This Bear Is Up a Tree

This Bear Is Up a Tree
photo by Scott Granneman

Thursday, August 20, 2009

Texting During Class Revisited

Yesterday I posted comments about classroom technology distractions or opportunities, depending on your perspective. Here is a link to an email I received yesterday that should prompt some interesting discussion.

Wednesday, August 19, 2009

Texting, Texting, 1-2-3

One of our first discussions will be about classroom behavior. Why does it matter? If you can multitask and be more productive, shouldn’t I think that’s a good thing? Of course, the cognitive psychologist and the neurologist will both tell you that the brain can really focus on one thing at a time. Thus, multitasking takes a toll on both understanding the information that’s coming to you from your external environment and your ability to communicate effectively. You can see which side I’m on in this debate.

However, I am intrigued by the possibilities of tweeting notes via your cell phone. Often note takers try to write in complete sentences everything they hear – a virtual impossibility. So – using the texting process, the note taker would get the basic info in a format that is probably (not necessarily) easier to read than hastily formed handwriting. But, since the notes would be very, very brief, what would the student be required to do in order to make them meaningful?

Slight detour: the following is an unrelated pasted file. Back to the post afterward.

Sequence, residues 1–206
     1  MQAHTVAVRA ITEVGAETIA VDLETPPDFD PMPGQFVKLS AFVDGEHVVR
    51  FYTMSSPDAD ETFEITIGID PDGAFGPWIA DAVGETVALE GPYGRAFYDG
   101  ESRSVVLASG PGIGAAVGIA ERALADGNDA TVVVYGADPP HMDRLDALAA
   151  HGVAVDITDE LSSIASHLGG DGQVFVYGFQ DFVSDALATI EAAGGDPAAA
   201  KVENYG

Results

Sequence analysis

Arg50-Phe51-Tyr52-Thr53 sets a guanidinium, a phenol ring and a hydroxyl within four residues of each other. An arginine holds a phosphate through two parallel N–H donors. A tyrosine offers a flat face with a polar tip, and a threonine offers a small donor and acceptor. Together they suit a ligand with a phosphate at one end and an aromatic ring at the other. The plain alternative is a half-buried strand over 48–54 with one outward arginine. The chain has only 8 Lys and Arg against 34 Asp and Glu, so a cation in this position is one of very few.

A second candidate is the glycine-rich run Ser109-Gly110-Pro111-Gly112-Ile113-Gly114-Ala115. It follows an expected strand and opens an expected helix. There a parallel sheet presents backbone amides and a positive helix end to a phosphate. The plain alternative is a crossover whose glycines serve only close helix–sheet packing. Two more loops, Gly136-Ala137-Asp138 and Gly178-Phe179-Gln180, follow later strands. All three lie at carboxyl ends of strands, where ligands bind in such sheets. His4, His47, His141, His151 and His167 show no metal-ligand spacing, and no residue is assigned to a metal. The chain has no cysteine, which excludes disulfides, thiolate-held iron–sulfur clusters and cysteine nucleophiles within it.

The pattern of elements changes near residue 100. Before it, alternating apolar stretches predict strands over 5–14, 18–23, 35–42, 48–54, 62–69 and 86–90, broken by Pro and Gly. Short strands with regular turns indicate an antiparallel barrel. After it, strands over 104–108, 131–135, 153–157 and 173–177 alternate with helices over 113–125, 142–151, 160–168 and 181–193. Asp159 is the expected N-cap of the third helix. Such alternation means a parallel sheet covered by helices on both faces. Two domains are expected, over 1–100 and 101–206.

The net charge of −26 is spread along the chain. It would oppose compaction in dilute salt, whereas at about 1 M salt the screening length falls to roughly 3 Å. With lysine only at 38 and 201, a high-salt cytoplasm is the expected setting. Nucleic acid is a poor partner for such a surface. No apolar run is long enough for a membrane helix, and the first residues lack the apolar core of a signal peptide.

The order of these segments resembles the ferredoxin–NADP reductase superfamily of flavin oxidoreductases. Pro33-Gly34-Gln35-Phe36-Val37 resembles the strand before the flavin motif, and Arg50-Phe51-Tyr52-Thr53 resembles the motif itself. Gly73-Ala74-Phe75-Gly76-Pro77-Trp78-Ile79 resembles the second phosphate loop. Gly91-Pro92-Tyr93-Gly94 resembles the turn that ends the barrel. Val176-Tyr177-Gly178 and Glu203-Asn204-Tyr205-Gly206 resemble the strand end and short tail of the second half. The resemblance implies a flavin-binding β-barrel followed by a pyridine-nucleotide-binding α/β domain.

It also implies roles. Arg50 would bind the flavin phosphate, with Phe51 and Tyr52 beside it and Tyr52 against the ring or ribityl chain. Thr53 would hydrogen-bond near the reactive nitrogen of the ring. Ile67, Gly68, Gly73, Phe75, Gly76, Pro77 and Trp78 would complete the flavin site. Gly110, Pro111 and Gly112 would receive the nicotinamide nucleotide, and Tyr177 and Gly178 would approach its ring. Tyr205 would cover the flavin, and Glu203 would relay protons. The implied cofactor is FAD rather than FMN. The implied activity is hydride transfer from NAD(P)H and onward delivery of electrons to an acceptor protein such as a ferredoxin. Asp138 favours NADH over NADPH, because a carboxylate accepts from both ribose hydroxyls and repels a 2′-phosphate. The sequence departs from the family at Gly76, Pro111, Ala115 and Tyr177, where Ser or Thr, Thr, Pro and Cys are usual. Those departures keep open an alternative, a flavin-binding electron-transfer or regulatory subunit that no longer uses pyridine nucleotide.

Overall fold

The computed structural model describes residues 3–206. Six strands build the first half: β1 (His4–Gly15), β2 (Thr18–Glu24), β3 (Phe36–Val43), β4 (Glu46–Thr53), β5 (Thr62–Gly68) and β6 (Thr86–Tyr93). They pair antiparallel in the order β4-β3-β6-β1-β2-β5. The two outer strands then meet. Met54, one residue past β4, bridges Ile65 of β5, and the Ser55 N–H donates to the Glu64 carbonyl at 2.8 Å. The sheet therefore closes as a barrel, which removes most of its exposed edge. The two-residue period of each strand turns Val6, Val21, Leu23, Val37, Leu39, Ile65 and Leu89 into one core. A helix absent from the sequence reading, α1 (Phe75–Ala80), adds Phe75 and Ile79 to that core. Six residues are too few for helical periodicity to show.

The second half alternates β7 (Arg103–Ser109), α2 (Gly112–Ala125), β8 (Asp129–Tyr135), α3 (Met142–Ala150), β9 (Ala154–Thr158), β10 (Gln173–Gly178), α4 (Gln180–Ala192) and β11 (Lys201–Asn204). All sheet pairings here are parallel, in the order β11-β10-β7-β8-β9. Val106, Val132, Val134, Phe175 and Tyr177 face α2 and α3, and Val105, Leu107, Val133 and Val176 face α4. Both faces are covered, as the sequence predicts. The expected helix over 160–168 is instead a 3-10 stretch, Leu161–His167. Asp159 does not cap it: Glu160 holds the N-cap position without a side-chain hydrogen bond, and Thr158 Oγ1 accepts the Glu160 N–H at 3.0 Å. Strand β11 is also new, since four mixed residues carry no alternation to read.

Wednesday, August 12, 2009

Taxonomists -- a vanishing species?

Carol Kaesuk Yoon is a science writer for the NY Times. On August 10, she wrote about the ability of humans to name and organize living organisms, apparently using an inherent skill shared by all cultures. According to Yoon, scientists are closing in on the part of the brain that is responsible for this activity. Can you guess where that might be? Why would this ability be a necessary or even desirable trait? As Yoon puts it, the ability to name a carrot or a cat makes it possible for one to know whether to grate or pet it. How important is this to you and how can you use it to further your academic success? She also posits that computers are taking over the job of taxonomists. What are the implications of this statement?

Monday, August 10, 2009

The Digital Future

It's official. The NY Times says today that textbooks are a thing of the past. "Kids are wired differently these days...they don't engage with textbooks that are finite, linear and rote." What do you think about that? Do you prefer that all material required for coursework is conveyed to you digitally? What are the advantages of such a program? What's the downside? This course is going to focus on online resources as well as online storage of your study materials. Tell me how that works for you.

Wednesday, August 5, 2009

So You Think You Want to Be a Scientist

My favorite new website, LiveScience, has begun a series on what makes a scientist. If you think you want to be one, this might be a good chance to find out more about what those in the profession think of themselves - you can eavesdrop on their metacognitive experiences. Off the bat, some say one has to be curious and creative. Others say successful scientists are born with special abilities. What do you think?